As the advisory council took shape, Peter’s intentions became clear. He wanted the group to help provide a proper foundation on themed entertainment for master’s students, allowing them to make the most of this program. But it wasn’t just about setting up the building blocks; it’s about actively participating in these students’ journeys as they earn their master’s degrees.
Building a program
This kind of mission helps feed the entire ecosystem. That’s why I’m so thrilled to be a part of this process. The energy that my fellow council members exude in these meetings is electric. Everyone on the council is motivated to lead these master’s students to the brightest future possible in themed experience.
One of the first topics discussed was the software programs these students should learn. If grads can communicate using tools like SketchUp, AutoCAD, Revit, Unity, Rhino, Maya, the Adobe Creative Suite, and audio and video systems, they’ll be a step ahead.
UCF’s College of Arts and Humanities looks to the advisory council for help in understanding the types of job candidates we consider. Who looks the strongest on paper and why? What does their demo need to show? What qualities do we look for when interviewing face-to-face? When I heard answers from other council members, I thought, wow, same here!
UCF’s soon-to-be MFA graduates will have the opportunity to work at respected businesses in the field
Another important role we have as advisors is reviewing students’ portfolios and offering feedback. It’s rare for students to receive direct communication about their work from industry professionals. I can impart some of my wisdom from at least two vantage points. As the owner of a creative design studio (who has been at this game for almost three decades) and as a potential employer.
The advisory council is an important piece of the overall puzzle, but it’s not the only commitment that Peter and team have made. They’ve also forged strong bonds with theme parks, themed entertainment companies, and experience design firms. UCF’s soon-to-be MFA graduates will have the opportunity to work at respected businesses in the field.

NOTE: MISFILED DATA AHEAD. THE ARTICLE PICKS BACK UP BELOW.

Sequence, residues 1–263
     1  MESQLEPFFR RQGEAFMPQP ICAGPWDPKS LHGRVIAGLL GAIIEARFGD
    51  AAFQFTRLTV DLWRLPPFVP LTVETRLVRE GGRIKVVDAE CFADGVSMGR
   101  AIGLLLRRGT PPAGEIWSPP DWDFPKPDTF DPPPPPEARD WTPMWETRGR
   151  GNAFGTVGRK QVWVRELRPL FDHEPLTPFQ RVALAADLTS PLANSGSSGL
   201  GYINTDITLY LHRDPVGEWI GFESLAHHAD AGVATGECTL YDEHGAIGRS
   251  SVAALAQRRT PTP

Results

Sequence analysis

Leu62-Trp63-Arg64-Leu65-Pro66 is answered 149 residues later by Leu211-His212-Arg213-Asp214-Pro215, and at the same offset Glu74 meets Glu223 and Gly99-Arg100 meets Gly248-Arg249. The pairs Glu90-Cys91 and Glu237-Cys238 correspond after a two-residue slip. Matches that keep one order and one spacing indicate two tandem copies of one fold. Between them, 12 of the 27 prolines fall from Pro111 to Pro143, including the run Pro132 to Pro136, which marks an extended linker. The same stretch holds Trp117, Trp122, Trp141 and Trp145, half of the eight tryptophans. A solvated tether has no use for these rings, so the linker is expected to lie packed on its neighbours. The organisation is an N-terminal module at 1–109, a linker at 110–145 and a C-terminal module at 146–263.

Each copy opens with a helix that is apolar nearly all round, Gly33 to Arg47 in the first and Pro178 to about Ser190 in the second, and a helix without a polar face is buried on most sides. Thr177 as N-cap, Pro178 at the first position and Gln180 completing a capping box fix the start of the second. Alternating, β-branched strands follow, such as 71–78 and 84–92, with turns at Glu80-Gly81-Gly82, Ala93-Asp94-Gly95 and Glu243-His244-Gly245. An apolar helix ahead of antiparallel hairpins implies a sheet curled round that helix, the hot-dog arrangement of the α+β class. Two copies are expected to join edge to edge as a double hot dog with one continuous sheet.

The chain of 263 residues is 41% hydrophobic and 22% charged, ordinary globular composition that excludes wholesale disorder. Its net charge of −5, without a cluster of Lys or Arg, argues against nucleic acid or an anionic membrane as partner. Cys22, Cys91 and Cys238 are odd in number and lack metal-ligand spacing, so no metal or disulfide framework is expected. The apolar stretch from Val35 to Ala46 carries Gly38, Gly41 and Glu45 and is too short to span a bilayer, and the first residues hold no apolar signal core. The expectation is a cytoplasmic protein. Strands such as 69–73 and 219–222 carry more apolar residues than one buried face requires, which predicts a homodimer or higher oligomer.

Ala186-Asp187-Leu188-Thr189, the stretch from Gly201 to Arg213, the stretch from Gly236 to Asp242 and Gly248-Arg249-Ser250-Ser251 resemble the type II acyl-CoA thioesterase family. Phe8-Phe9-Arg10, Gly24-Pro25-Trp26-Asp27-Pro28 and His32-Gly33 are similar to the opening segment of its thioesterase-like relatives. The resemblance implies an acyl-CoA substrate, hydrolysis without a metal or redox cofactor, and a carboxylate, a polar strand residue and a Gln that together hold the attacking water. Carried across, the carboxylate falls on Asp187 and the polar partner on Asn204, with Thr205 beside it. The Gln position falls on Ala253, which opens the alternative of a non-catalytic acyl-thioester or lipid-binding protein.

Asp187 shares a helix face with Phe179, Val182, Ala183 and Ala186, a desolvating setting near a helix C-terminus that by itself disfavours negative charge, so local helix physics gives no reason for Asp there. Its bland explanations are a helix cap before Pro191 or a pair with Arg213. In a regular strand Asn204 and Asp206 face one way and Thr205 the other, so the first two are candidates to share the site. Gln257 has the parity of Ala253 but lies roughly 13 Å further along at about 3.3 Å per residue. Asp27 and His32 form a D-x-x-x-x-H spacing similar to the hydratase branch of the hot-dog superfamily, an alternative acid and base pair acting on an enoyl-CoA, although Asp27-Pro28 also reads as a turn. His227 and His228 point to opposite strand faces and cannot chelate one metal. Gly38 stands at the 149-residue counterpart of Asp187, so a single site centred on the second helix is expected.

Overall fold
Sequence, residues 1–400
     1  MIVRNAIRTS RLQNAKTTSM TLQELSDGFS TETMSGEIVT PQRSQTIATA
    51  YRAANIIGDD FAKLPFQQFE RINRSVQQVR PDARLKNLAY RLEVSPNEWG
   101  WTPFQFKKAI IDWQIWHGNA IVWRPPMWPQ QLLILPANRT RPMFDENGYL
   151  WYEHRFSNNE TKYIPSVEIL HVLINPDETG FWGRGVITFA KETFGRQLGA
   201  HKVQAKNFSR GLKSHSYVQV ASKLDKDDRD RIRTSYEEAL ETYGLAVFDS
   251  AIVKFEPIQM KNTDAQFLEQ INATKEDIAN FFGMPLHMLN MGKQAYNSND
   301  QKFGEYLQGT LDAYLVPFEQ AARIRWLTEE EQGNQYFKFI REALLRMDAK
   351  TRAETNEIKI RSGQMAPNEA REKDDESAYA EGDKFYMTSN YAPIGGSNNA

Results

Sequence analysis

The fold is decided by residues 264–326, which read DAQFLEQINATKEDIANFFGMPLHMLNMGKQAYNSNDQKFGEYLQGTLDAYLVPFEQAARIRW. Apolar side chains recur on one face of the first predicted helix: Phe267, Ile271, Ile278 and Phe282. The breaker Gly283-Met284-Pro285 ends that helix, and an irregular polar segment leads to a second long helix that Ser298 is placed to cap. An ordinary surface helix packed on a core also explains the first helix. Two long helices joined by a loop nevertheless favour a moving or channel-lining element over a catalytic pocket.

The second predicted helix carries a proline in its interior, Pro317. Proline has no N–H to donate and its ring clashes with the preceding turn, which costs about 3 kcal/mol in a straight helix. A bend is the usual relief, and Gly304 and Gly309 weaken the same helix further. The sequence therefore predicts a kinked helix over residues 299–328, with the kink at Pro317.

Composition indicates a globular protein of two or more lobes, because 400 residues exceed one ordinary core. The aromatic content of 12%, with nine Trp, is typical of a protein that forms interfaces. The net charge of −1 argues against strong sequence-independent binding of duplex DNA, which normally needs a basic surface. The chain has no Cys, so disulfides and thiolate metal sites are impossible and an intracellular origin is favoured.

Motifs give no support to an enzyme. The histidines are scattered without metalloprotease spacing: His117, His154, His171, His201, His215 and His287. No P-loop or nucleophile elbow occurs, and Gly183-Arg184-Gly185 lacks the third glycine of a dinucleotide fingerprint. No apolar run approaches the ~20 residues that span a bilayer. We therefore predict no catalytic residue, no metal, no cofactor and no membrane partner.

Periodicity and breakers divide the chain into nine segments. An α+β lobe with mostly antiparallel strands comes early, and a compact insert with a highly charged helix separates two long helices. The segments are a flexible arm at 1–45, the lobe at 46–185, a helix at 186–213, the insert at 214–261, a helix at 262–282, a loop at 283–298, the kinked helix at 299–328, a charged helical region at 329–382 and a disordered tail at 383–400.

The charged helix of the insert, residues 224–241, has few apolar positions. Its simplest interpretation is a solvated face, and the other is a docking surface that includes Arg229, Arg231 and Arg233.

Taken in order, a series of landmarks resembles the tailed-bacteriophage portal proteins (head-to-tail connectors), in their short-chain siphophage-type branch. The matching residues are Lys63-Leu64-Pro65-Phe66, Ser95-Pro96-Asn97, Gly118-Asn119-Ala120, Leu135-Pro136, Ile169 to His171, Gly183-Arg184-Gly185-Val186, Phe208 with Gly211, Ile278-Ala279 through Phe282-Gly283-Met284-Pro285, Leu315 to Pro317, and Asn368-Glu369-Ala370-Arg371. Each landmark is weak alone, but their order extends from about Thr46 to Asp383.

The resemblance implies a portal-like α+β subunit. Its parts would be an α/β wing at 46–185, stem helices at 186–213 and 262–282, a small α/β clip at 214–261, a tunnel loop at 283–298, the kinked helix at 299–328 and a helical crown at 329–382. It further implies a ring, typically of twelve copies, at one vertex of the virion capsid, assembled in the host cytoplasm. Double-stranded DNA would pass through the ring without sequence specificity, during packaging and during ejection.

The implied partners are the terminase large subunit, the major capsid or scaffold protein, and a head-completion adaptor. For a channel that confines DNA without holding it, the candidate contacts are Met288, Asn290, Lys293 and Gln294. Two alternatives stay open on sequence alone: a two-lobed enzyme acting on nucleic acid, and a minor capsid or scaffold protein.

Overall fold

Real-world experience in themed experience design
This type of real-world experience in themed design goes hand-in-hand with earning a master’s degree, and it’s a crucial component of the educational process. It goes back to what I said earlier about making connections. A door will get cracked open when you meet people who work in the industry, but when you team up with them on a project, that door opening widens.
In the classroom, students are learning creative and production skills while studying designs that were utilized to produce themed environments in zoos, aquariums, themed retail, dining, museums, virtual worlds, exhibitions, and yes, theme parks, too.
They’ll also have the chance to conceptualize their ideas. I love the fact that UCF’s curriculum boasts this much diversity. After all, themed experiences are not just for theme parks.
I’m seeing a wide range of interests from students in the MFA program – gaming, writing, producing, drawing, designing, and others. Their backgrounds represent the same level of diversity. They want to have their hands in more than one discipline, which is especially important these days. Individuals who can contribute in multiple areas are superstars.
I know we feel way at Falcon’s, and we always keep that in mind during interviews. It’s a big deal.
A unique course
I remember speaking with other council members about how unfortunate it was that, until recently, no one could get this type of quality degree. Since Peter started the program at SCAD, a few other schools have created programs with a concentration in themed design, or they offer some type of certificate.
This new master’s track will help mold extremely capable job candidates
That’s great, but what differentiates UCF is they have a dedicated, fully accredited Master of Fine Arts track within the School of Performing Arts in themed experience, and that makes them unique.
This new master’s track will help mold extremely capable job candidates. And it can connect them with business owners and hiring managers. It’s a giant win-win scenario, and it is immensely gratifying for me to be a part of the process.
Peter’s students are lucky to have him as a professor, mentor, and advocate. There’s no doubt, this will be an insanely popular MFA choice. The future of our industry looks very bright!
Top image: Members of the UCF Themed Experience Advisory Council visit Falcon’s office